The observed position data may comprise position or three dimensional coordinates of one or more reference points associated with an operator, or a portion (e.g., operator's head, neck, face, or bust) thereof. For example, the observed position data may represent a reference axis defined by two reference points lying on a surface of the operators head, and their respective three dimensional coordinates, when the operator is in an alert state. The observed motion data may comprise a change in position versus time of one or more reference points. Each reference point may be expressed in three dimensional coordinates, or otherwise consistent with the observed position data.

Alert Device

The alert device 40 may comprise an alarm, a siren, a buzzer, an audible oscillator, a flashing light, a light, a light-emitting diode, a display, a liquid crystal display, a switch, relay or semiconductor that triggers an electronic device (e.g., a radio or a volume control), a vibrating device, a piezoelectric transducer, or another device to alert, stimulate, or wake the operator, to prevent drowsiness, or to otherwise discourage inattentiveness. For instance, a vibrating device or piezoelectric transducer may be associated with the steering wheel or the operator's seat to vibrate the steering wheel or the operator's seat in response to a triggering signal or alert signal from the analyzer system 32.

The system of FIG. 1B is similar to the system of FIG. 1A, except the system of FIG. 1B further comprises a motion position estimator 27.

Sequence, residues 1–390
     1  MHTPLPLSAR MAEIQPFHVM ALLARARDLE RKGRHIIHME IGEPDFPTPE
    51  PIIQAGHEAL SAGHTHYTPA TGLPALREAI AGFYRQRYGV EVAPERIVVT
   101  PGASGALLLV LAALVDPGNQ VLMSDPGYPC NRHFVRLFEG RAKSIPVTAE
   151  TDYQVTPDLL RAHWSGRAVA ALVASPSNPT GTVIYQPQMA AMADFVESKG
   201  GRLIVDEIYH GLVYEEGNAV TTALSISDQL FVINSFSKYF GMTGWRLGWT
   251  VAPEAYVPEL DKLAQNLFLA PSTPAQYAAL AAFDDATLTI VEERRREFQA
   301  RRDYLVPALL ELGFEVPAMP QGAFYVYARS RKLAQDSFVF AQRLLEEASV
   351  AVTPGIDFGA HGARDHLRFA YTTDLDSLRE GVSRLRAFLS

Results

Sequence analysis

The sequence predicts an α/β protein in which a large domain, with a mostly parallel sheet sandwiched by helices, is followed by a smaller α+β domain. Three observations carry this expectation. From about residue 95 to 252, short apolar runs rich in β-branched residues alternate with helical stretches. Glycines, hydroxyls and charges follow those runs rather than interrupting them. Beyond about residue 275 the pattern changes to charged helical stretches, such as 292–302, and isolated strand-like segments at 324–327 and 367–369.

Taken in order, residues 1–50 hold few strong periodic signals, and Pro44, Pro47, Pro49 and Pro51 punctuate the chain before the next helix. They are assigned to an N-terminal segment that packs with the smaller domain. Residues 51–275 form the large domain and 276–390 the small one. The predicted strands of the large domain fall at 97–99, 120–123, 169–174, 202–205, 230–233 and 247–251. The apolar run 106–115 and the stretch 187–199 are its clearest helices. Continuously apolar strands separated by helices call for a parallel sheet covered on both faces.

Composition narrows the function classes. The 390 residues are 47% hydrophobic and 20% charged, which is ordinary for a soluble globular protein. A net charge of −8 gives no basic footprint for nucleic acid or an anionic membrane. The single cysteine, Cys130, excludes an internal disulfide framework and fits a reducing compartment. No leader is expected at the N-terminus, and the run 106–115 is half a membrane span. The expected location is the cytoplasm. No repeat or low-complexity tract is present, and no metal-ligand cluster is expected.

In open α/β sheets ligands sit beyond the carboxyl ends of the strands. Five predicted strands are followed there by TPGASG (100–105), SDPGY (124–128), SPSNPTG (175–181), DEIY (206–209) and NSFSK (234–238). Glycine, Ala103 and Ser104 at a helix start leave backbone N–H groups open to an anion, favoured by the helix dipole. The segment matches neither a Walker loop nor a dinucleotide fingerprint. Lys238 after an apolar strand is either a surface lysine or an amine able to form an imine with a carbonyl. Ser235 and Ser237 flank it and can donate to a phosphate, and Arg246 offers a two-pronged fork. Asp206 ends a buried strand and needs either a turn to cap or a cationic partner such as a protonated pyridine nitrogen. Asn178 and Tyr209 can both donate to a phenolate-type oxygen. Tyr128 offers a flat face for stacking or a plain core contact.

The motion position estimator 27 comprises the combination of an object position estimator 25 and a clock 31 (e.g., or timer) to determine or estimate one or more of the following: (1) whether the operator, or portion thereof, is stationary or moving (e.g., rotating or tilting), (2) whether the reference axis or the observed axis (associated with the operator) is stationary or moving (e.g., rotating or tilting), (3) whether one or more reference points associated with the operator, the operator's head, the operator's neck or otherwise is stationary or moving, (4) the velocity, acceleration, speed, or heading of the operator, or any portion thereof, relative to the imaging collection system 15 or another stationary reference point, (5) the velocity, acceleration, speed, angular velocity, angular acceleration, rotational displacement, or heading of reference points, a reference axis, or an observed axis relative to the imaging collection system 15 or another stationary reference point and (8) any motion data related to the position data provided by the object position estimator 25. For the configuration of FIG. 18, the pattern recognition module 21 or object detection module 28 communicates with one or more of the following components: the object position estimator 25, the object motion estimator 27, and the three dimensional image former 23.

FIG. 2 generally describes a method for detecting operator alertness or inattentiveness for an operator of a vehicle or machine. The method of FIG. 2 begins in step S200.

In step S200, the image collection system 15 gathers (e.g., simultaneously gathers) a pair of raw stereo scene images of the operator, or a portion thereof, from spatially offset perspectives. The spatially offset perspective is preferably one in which the focal axis of the first imaging unit 10 and the second imaging unit 12 are separated by a known distance and orientation (e.g., fixed linear distance called stereo baseline b in FIG. 3).